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Travellers — the ultimate winner of changing accommodation industry dynamics

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Travellers — the ultimate winner of changing accommodation industry dynamics.

Larry Williams:
The accommodation industry continues to feel the winds of change?

Frank Jasper:
Overnight, Marriott International, the US based hotel giant, announced it is buyin Starwood Hotels, owner of the Westin, Sheraton and W brands, for $US12.2 billion. The deal, if approved by regulators and stockholders, will create a massive player in the hotel business; an entity with 1.1 million rooms in over 5,500 hotels in more than 100 countries.

Larry Williams:
This looks like a logical response to the changes going on in yet another industry that is being reshaped by both the digital and sharing economies? 

Frank Jasper:
Traditional hotel businesses are having to respond to twin threats — the online booking firms like Expedia and Priceline, who have become increasingly influential, but more latterly lodging rental businesses like AirBnB starting to flex its muscles.

Larry Williams:
The growth of lodging business AirBnB growth has been impressive, tell us about this.

Frank Jasper:
Yes, like the Uber of accommodation, Airbnb has said it already has 1.5 million rooms available for rent with listings in more than 190 countries. Documents reviewed by the Wall Street Journal in June showed that while it's currently losing money, it expects to hit $US900 million in gross revenue this year, rising to over $US10 billion by 2020. At this stage it forecasts to be making $US3 billion in operating earnings.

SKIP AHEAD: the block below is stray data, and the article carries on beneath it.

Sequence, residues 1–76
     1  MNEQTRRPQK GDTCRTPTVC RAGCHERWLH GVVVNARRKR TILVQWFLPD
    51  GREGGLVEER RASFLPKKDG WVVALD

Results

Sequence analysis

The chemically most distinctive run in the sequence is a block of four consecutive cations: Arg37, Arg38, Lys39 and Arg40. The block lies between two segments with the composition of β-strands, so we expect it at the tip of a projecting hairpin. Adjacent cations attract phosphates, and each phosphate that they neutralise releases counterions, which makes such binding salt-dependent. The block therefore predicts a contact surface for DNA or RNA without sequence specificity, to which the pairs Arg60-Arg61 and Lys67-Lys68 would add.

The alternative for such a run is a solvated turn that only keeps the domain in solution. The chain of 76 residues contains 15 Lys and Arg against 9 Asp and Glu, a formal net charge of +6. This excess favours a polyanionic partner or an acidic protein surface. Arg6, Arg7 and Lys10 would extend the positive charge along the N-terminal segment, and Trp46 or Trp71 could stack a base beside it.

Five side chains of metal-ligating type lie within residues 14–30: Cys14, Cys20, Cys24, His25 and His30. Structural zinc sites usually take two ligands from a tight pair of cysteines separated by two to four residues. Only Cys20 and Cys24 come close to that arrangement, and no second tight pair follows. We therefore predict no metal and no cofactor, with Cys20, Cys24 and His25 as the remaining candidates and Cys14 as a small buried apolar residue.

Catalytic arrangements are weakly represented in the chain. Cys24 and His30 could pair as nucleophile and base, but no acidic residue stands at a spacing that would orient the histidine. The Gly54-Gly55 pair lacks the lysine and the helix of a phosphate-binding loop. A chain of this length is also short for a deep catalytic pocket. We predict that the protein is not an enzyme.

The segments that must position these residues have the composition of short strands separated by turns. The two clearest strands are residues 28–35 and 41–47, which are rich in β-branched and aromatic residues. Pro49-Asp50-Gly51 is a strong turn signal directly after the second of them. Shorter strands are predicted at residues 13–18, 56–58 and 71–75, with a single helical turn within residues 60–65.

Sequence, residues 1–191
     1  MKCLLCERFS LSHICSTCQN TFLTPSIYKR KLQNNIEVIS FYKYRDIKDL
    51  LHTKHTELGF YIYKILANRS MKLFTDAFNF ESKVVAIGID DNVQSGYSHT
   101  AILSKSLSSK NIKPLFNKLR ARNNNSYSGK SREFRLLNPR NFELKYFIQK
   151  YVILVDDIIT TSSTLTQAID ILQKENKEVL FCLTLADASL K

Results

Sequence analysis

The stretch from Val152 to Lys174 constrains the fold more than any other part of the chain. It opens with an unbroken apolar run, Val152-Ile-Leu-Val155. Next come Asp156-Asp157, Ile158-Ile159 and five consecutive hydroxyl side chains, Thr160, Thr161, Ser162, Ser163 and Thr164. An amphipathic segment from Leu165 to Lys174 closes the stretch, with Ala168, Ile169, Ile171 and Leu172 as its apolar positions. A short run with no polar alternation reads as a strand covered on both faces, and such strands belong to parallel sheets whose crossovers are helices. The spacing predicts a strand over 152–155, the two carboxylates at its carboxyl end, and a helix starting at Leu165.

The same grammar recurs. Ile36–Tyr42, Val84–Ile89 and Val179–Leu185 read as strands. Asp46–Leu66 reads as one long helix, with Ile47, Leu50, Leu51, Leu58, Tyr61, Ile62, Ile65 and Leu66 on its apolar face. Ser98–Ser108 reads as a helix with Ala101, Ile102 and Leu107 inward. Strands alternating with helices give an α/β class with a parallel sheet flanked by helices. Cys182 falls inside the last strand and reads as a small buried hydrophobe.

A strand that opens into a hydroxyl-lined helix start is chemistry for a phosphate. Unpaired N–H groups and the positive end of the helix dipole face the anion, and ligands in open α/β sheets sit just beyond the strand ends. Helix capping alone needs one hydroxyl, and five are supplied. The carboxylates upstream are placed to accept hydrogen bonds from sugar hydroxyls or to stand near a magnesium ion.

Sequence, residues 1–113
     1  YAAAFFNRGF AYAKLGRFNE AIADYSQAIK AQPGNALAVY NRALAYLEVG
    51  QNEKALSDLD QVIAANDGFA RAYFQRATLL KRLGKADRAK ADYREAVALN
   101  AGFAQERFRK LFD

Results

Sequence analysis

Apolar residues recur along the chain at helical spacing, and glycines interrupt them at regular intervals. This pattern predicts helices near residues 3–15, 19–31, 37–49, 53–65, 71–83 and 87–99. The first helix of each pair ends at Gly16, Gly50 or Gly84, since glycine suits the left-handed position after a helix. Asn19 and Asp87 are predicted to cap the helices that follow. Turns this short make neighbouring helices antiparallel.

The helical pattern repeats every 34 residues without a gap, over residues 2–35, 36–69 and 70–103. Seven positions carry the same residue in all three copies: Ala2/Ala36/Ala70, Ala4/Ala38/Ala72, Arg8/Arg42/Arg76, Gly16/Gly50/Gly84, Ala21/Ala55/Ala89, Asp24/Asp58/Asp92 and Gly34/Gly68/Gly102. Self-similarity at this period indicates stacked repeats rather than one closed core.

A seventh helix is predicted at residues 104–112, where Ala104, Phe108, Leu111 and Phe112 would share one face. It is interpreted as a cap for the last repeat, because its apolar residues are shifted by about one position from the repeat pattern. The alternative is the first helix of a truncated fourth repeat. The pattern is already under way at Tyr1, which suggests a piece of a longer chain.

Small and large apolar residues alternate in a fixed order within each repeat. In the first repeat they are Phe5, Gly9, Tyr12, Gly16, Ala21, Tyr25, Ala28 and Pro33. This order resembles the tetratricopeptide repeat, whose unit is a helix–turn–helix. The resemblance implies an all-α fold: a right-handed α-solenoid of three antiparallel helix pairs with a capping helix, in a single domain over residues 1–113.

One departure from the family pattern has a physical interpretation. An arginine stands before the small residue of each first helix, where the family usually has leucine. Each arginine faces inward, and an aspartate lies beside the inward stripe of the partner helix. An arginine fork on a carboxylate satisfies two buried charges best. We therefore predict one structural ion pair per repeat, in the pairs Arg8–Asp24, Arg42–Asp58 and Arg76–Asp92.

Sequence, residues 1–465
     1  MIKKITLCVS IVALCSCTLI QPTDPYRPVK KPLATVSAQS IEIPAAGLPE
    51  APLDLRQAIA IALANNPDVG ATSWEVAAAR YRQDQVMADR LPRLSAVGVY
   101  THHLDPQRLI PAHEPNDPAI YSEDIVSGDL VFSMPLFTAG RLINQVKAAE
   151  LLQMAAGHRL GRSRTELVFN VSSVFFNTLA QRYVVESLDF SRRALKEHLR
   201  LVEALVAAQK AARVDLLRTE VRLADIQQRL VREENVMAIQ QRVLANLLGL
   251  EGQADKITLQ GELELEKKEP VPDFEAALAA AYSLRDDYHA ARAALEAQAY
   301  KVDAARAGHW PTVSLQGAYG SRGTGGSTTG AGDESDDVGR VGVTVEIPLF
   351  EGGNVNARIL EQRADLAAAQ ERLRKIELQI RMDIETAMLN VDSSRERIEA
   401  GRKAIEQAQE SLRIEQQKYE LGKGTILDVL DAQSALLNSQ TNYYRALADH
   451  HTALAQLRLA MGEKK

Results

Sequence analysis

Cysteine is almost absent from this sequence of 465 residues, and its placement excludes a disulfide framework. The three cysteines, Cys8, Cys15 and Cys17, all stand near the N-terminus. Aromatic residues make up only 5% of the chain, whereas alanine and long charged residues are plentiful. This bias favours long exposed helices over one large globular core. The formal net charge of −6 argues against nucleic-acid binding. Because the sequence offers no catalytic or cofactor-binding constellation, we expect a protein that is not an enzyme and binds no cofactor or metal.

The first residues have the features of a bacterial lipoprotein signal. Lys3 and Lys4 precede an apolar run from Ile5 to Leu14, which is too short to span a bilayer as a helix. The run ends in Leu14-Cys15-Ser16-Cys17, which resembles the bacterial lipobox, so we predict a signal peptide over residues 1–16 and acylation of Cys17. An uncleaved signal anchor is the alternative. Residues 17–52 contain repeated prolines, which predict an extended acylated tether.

AirBnB has identified the business traveller as a key plank of future growth. Traditional hoteliers will be sitting up and taking notice. This point was acknowledged by Starwood CEO Adam Aron, who noted in a recent conference call that Airbnb is a "real" competitor and that it's "here to stay."

Even more interesting is the valuation reportedly attached to AirBnB. In its most recent funding round the start-up was valued at about $US25 billion. That is incredible when you consider it was only founded in 2008 and is still losing money.

Starwood, which was founded in 1930 and is profitable, is being acquired at a price that works out to roughly half of Airbnb. This may say more about an inflated value for AirBnB than about Starwood!!

Larry Williams:
How are the players positioning themselves for the future?

Frank Jasper:
We believe establishing a trusted brand and customer proposition will differentiate the winners from the losers.  In short own the customer, or at least own their digital interactions, and you will win the business. 

Each channel is responding to that maxim differently.

The traditional chains are working hard to reduce costs and to improve the digital and loyalty experience for customers to persuade them to book directly with them. This is particularly important given that a small number of corporate customers produce a massive amount of their profits. In the case of Starwood, 30% of profits come from 2% of the customer base.

The online booking companies like Expedia are broadening their service offering and improving app experience to position as a travel "one stop shop." that can meet all a customers needs.  Expedia has also bought an AirBnB competitor, HomeAway Inc, to give themselves a foot in that camp.

Last but not least, AirBnB is looking to help property owners appeal to the business traveller so that they can meet the needs of an attractive travel demographic in both their private and business lives.

Unlike some industries there is likely room for a number of differing business models to have some success here.  The one undisputed winner, though, is the traveller with more choice, lower prices and a better booking experience.

 

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